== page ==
Road and Trail Optimisation for Low-intensity Selective Logging in Tropical Forests

Selective logging operations in natural tropical forests often involve a very limited number of commercial tree species and if the density of these species is low, the number of trees felled may be only a few per ha. Consequently the costs of road and trail networks have a significant impact on the overall profitability of forest use. Furthermore, the damages resulting from inappropriate routing of skid trails may be severe and, therefore, the need for optimization of the transport network layout is evident. However, optimization involves deciding what trees to cut, designing the best possible road and trail network and choosing the best possible winding route for each trail segment and is therefore a difficult task. In this study a self-organizing procedure is tested as a means of optimization the temporary road and trail network in a heterogeneous terrain with scattered trees. The paper outlines the method and presents preliminary test results for a hypothetical forest area.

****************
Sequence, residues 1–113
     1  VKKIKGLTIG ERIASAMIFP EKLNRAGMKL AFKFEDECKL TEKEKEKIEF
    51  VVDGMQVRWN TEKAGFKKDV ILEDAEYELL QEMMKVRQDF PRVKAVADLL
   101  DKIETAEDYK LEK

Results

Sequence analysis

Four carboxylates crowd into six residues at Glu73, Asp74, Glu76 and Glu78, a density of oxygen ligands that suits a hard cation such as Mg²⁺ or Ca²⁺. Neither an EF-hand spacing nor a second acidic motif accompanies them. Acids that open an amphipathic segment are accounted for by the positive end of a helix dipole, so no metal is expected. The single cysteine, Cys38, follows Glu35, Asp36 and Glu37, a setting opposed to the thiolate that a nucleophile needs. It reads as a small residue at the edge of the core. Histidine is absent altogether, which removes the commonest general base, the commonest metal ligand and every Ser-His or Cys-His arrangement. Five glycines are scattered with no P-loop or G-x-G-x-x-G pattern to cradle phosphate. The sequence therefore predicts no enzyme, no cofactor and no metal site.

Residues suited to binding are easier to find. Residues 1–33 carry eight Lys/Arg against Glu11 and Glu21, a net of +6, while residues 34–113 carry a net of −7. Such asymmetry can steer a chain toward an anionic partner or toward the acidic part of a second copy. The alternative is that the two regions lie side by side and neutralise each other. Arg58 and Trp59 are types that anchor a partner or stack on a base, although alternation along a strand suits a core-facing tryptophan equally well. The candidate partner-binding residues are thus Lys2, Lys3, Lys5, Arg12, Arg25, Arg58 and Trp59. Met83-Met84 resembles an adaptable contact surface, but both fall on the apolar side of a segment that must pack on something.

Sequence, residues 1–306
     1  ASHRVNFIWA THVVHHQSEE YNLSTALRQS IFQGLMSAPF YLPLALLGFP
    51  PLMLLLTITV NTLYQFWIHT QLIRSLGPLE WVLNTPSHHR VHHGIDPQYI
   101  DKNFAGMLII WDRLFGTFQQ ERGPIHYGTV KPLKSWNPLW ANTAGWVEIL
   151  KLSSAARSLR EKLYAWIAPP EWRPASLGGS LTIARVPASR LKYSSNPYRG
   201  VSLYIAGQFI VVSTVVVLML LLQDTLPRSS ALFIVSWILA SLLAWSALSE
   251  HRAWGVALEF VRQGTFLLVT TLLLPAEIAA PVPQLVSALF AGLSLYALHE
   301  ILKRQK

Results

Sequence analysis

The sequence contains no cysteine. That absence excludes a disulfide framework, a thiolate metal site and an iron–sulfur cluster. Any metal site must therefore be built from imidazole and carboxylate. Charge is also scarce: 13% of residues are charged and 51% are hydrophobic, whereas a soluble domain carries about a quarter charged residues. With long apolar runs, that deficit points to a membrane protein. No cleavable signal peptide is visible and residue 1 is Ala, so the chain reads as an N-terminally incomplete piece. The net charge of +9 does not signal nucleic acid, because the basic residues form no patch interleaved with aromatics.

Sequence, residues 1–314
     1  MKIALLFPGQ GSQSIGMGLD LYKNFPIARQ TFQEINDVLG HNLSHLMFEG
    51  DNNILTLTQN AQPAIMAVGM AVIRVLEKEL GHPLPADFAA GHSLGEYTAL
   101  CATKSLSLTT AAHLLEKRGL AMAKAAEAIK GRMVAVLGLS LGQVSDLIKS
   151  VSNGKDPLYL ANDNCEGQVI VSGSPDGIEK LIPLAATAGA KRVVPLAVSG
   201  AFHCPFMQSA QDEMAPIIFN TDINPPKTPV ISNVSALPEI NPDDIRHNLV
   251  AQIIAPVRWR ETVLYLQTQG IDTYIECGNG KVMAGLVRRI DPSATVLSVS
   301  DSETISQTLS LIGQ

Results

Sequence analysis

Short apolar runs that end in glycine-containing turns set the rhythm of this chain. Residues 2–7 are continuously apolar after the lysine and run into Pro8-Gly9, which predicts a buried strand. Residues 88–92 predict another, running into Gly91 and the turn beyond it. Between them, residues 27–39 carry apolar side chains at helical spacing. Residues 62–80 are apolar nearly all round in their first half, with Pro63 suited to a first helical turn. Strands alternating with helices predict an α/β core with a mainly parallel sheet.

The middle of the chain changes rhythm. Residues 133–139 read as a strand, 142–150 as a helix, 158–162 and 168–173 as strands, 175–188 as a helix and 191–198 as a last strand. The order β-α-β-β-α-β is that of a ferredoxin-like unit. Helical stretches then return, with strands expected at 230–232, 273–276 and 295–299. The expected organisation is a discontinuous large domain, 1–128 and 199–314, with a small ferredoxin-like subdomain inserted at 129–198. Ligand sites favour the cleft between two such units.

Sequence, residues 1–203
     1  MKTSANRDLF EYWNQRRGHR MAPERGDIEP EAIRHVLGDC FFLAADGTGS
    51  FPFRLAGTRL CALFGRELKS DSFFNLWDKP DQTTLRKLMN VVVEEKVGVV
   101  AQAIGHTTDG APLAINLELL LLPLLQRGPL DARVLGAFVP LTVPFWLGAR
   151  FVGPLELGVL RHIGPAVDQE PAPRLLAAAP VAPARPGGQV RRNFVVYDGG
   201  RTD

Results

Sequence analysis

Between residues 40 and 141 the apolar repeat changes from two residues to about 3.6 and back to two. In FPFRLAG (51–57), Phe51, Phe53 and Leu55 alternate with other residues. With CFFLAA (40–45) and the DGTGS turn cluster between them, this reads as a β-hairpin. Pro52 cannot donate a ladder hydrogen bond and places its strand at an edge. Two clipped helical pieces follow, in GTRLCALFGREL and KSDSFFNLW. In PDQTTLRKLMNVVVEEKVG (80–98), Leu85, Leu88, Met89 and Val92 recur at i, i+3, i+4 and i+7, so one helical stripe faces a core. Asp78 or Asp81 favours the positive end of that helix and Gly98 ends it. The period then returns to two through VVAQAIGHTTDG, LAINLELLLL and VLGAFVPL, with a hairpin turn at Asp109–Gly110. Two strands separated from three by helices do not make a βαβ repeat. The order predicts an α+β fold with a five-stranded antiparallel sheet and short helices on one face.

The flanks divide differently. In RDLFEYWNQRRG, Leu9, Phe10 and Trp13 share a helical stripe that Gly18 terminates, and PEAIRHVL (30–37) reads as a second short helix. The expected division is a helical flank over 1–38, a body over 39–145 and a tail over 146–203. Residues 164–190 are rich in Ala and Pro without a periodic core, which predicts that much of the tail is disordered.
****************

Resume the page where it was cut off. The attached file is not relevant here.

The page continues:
Issue Date:
2004-05
Publication Type:
Journal Article
DOI and Other Identifiers:
Record Identifier:
https://ageconsearch.umn.edu/record/198338
PURL Identifier:
http://purl.umn.edu/198338
Published in:
Scandinavian Forest Economics: Proceedings of the Biennial Meeting of the Scandinavian Society of Forest Economics
2004, 40
Page range:
287-296
Total Pages:
11




 Record created 2017-04-01, last modified 2019-08-30

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